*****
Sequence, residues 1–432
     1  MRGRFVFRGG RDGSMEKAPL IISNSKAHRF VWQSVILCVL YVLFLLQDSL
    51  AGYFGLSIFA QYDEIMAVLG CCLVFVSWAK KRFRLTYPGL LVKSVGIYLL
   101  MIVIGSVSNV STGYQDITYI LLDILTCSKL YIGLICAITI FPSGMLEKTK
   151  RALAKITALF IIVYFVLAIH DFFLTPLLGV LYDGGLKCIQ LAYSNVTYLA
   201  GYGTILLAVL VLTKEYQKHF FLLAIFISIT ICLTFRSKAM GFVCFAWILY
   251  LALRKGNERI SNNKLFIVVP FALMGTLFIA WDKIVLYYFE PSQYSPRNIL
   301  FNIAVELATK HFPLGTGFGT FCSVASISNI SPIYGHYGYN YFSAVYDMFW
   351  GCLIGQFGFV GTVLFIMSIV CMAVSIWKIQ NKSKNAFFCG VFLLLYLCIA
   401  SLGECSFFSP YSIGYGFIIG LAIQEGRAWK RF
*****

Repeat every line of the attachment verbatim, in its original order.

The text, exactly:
Sequence, residues 1–432
     1  MRGRFVFRGG RDGSMEKAPL IISNSKAHRF VWQSVILCVL YVLFLLQDSL
    51  AGYFGLSIFA QYDEIMAVLG CCLVFVSWAK KRFRLTYPGL LVKSVGIYLL
   101  MIVIGSVSNV STGYQDITYI LLDILTCSKL YIGLICAITI FPSGMLEKTK
   151  RALAKITALF IIVYFVLAIH DFFLTPLLGV LYDGGLKCIQ LAYSNVTYLA
   201  GYGTILLAVL VLTKEYQKHF FLLAIFISIT ICLTFRSKAM GFVCFAWILY
   251  LALRKGNERI SNNKLFIVVP FALMGTLFIA WDKIVLYYFE PSQYSPRNIL
   301  FNIAVELATK HFPLGTGFGT FCSVASISNI SPIYGHYGYN YFSAVYDMFW
   351  GCLIGQFGFV GTVLFIMSIV CMAVSIWKIQ NKSKNAFFCG VFLLLYLCIA
   401  SLGECSFFSP YSIGYGFIIG LAIQEGRAWK RF